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Peddling Public Policy to the People

This Article is By: Civic Strategies    On  Jul. - 16, 2006

Civic government - a view from Seattle...

-- Kingston Electors


The "It" Mayor

Peddling Public Policy to the People

Civic Strategies 

Some politicians have "it," and some don't. What's "it"? That rare ability to connect with the voters on the one hand and deal shrewdly with political foes and allies on the other — the wholesale and retail ends of politics, if you will. Well, here's a tip of the hat to Greg Nickels, mayor of Seattle, who may be the best example of the "it" mayor around today.

Take our word for this, Nickels manages the retail end of politics pretty well. That is, he gets what he needs from a fairly independent city council. So let's look at the wholesale end, the way Nickels connects with the public, which is where he truly shines.

Selling the voters on new ideas is a critical part of a mayor's job in Seattle because, like many West Coast cities, cities have to take so many things to referendums, including fairly routine transportation improvements. Seattle's a pretty liberal place, so persuading voters to tax themselves for urban improvements isn't an impossible task. Still, it's hard to get people revved up about a bond issue to install pedestrian signals, resurface streets, bolster bridges and replace street signs, as Nickels is proposing for this year's fall elections.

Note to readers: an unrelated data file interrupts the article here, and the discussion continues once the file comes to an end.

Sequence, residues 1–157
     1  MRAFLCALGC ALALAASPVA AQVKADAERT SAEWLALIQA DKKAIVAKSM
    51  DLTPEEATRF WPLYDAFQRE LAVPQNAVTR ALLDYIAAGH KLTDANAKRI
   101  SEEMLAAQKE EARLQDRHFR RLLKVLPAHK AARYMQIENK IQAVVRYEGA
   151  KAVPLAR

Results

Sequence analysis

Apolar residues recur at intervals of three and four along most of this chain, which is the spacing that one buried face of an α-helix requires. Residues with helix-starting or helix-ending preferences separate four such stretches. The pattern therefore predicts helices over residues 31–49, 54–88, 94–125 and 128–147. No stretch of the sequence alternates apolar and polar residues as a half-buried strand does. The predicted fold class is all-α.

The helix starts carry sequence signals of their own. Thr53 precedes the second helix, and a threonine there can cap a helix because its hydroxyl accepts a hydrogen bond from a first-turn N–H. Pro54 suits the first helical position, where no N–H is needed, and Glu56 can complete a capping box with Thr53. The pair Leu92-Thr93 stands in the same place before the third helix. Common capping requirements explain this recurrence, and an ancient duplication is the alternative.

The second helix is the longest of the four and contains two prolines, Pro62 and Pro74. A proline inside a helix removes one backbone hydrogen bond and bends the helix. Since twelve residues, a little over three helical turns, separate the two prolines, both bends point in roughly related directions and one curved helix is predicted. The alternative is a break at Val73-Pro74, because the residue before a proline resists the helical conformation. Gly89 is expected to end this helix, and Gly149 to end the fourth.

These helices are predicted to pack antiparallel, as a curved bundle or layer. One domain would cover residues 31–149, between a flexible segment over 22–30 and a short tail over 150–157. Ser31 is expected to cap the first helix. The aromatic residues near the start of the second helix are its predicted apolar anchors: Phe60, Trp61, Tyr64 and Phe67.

So here's what Mayor Wholesale did: He sponsored a public contest. In June, he asked voters to send him their nominations for the worst traffic problems in Seattle — the bumpiest roads, the most irksome delays, the most dangerous bike routes, whatever. From the nominations, he said, he would create a "Dirty Dozen" list that would receive "very high priority" for repair.

Nickels was careful not to say that the Dirty Dozen would be included in his $1.8 billion transportation request. That package of improvements is largely set, and it would look like pandering if the mayor put a portion of it up for a straw vote. Nickels' intent was to shine a light on the city's backlog of transportation needs, generate some publicity for his upcoming referendum and show the voters how such things connected with their everyday lives.

So how did the contest turn out? More than 700 people wrote or e-mailed the mayor with their peeves. (Of the messages, 50 named a single street, North 45th Street in the Wallingford neighborhood. One complained that the pavement there was so rutted, it looked like "waves in the street.") The mayor had a chance to unveil his Dirty Dozen at a press conference (North 45th Street was at the top) and talk at length about the need to repair all of Seattle's transportation infrastructure. Referring to Seattle's growing tourist appeal, Nickels told reporters, "you can't have a world-class destination with a second-class transportation system."

This isn't the only example of Nickels' flair for framing issues. He's promoting an effort to tear down downtown's hideous Alaskan Way elevated highway and replace it with a buried highway. Nickels' name for the Alaskan Way: the "Big Ugly." (For a glimpse of Nickels' marketing genius, visit his web page by clicking here. You'll find his Dirty Dozen list and a hilarious video he sponsored about the Big Ugly.)

Footnote: So what happened to the Dirty Dozen list? Lo and behold, the mayor found enough money in the existing budget to fix them all. The biggest chunk of loose change, $7 million, will go to taking the waves out of North 45th Street.